Burdock (Arctium lappa, Compositae) is famed for having inspired George de Mestral, the inventor of Velcro, as its seed heads are covered with tiny hooks that latch on to the clothes of unwary passers-by. It would have been perfect as Stone Age fastenings for woollen cloaks and nettle shawls – I have tried them out and they work perfectly!
Burdock grows up to 150 cm with large oval, slightly heart-shaped leaves with pronounced ribs, reminiscent of downy rhubarb leaves. The flowers, bearing a passing resemblance to a soft thistle are held upright and the seed heads will often last all winter.
Burdock is found in Scotland particularly, I find, on the east coast where it likes the sandier soils near the sea. I also harvest it inland around Linlithgow on my ‘home territory’. Burdock inspired the annual ‘Burryman’ festival, held every August in South Queensferry, since at least 1687. Here a local man, the Burryman, is covered with burdock heads (around 11,000 in all) and parades through the town to bring good fortune.
I am always surprised that it’s not cultivated as a vegetable here. In Japan, the young first-year taproots are called gobo and considered a staple delicacy. They can be found there in every market, the dark roots bundled together with twine. The roots are high in vitamins, minerals and phytonutrients, and can be stir fried and simmered with soy sauce, or parboiled and pickled in vinegar, to be eaten with sushi.
Burdock roots have a slightly sweet flavour and crunchy texture that is more chewy than most root vegetables and are often used like salsify. Chopped into similar sized pieces, and tossed in olive oil and garlic salt, they can also be roasted with beetroots, parsnips and turnips to make a tasty root roast.
Like dandelion root, the roast and ground root can also be used as a coffee substitute. Dandelion and Burdock drink was once a British favourite, an almost cola-like beverage that was drunk for enjoyment or as a liver tonic.
In the Spring, burdock stalks can be peeled and eaten raw in salads, or boiled and eaten like asparagus although they taste more like their relative, artichoke. Candied in sugar, like angelica, the young stalks were once traditional sweets.
The leaves, flowers and seeds are also edible but the leaves are extremely bitter. They are sometimes used instead of kitchen foil to wrap fish, potatoes or burdock roots prior to roasting. I often use them when I’m cooking outdoors to wrap root vegetables, securing them with sharpened twigs, like cocktail sticks, to stop them unravelling. Popped into the coals they protect the outer skins of the roots from becoming encrusted with ash and are a completely sustainable, renewable alternative to the wasteful curse of aluminium foil.
Cosmetically, clinical trials have proven that burdock root extract helps to improve the outer skin’s metabolism and visibly reduces wrinkles in as little as 4 weeks! So it is great added to creams for mature skins, not that I’ve tried it as I’m a bigger fan of dock gel.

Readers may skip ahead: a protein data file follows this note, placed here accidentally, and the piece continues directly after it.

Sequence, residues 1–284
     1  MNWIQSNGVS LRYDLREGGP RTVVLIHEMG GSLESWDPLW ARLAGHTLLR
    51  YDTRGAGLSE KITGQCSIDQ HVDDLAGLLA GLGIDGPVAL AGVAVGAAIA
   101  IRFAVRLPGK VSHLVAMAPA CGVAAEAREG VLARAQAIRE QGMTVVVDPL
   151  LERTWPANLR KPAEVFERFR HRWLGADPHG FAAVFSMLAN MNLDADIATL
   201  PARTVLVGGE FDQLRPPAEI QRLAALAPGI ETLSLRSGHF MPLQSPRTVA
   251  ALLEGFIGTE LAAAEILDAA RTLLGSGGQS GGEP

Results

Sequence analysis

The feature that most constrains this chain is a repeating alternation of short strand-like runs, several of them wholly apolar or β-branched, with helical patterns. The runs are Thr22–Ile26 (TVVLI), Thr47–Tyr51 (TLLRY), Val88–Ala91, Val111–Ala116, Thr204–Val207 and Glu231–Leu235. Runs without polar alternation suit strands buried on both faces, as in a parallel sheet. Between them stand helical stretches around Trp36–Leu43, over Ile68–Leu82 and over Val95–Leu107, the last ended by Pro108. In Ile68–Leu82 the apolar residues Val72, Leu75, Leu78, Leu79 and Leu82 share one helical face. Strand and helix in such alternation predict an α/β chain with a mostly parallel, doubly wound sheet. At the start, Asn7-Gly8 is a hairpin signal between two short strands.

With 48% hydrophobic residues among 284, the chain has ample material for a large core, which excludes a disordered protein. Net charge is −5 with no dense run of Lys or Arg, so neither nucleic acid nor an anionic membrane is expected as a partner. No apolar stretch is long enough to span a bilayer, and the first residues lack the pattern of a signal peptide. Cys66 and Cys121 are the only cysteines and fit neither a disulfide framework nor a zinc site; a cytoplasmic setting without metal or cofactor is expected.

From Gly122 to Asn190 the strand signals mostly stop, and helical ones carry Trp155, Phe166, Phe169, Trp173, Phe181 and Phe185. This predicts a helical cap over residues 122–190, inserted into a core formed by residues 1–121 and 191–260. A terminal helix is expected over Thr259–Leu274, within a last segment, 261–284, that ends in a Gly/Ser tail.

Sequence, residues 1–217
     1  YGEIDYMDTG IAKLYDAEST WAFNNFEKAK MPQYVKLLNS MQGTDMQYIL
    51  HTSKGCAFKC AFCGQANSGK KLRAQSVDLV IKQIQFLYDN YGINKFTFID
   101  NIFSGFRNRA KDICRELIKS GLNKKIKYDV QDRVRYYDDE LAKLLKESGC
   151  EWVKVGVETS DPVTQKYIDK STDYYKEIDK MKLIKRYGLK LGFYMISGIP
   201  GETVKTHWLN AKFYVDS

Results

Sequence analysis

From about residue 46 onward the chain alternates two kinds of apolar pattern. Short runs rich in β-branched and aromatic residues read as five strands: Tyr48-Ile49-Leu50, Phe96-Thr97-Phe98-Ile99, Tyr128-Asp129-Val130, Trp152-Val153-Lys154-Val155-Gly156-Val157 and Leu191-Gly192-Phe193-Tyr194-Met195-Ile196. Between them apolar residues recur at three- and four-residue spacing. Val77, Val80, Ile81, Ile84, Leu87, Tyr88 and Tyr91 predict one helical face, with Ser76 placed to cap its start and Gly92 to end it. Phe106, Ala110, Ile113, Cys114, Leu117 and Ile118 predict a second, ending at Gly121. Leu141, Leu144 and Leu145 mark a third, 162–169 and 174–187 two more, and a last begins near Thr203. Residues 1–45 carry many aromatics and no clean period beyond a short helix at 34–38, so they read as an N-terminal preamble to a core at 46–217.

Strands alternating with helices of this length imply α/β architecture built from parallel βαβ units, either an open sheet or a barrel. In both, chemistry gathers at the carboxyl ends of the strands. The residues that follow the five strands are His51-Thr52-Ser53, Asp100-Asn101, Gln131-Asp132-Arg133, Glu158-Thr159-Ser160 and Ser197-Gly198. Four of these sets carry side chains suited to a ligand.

The leaves are used in folk medicine to make poultices for cuts, bruises, burns and stings. Burdock root oil, called Bur Oil, is rich in phytosterols and essential fatty acids and is sometimes combined with nettle for scalp treatments. The root is used both medicinally and cosmetically. It contains inulin and 14 different polyacetylene compounds.✓
Inulin, found in the starch, helps to lower blood sugar so is useful in helping prevent the development of diabetes. Burdock is also adaptogenic and helps to normalise metabolic and hormonal functions. Due to its detoxifying effect on liver and particularly the kidneys, it is also used in blends to treat water retention and urinary problems.
In Chinese herbal medicine it is also used to treat pneumonia, sore throats, mumps and measles. They use the seed a lot, whilst in Western herbal medicine it is hardly mentioned. Burdock root is one of the four herbs used in Essiac Formula, given to support the immune health of cancer sufferers.
Whilst it has anti-inflammatory properties and is used in arthritis and gout medicines, due to its detoxifying effect on the kidneys and ability to help the body to eliminate uric acid, it is best-known as a skin herb. Traditionally this action was referred to as blood cleansing and burdock is still the staple herb used in treating eczema, psoriasis, acne, boils, staphylococcal infections and other skin disorders. It is excellent for this use. I use it to support the glandular function of my Lyme patients particularly those that are tired, exhausted yet stoic.
Here is a recipe to try this winter. Please remember that it is illegal to uproot a plant in the U.K. without the permission of the landowner. But few people can resist your offer to do some free weeding for them!
Marinated Burdock Root Recipe
10 slim burdock roots
120 ml rice or white wine vinegar
120 ml miso or stock
2 tablespoons sugar
2 tablespoons medium soy sauce
1/4 teaspoon salt
Nettle seed (traditionally sesame seed)
Peel and cut the burdock into finger-size lengths and soak in water for 5 minutes.
Boil in a pan with water and a dash of vinegar for about 5 minutes while you make the marinade.
Add the rest of the ingredients (except for the nettle seed) to a small saucepan and heat to dissolve the sugar. Bring to the boil. Remove from the heat.
Remove the burdock roots from the heat. Strain. Put them onto a chopping board (some people also put them inside a plastic bag) and pound them with wooden rolling pin so that the roots soften. The object is to soften and flatten them, not to mash them!
Cut the bashed roots into pencil-width strips. Put into a bowl and cover with the marinade for at least half a day or, ideally, overnight. Turn them occasionally to ensure the marinade covers them all.
Serve cold sprinkled with dry toasted nettle or sesame seed.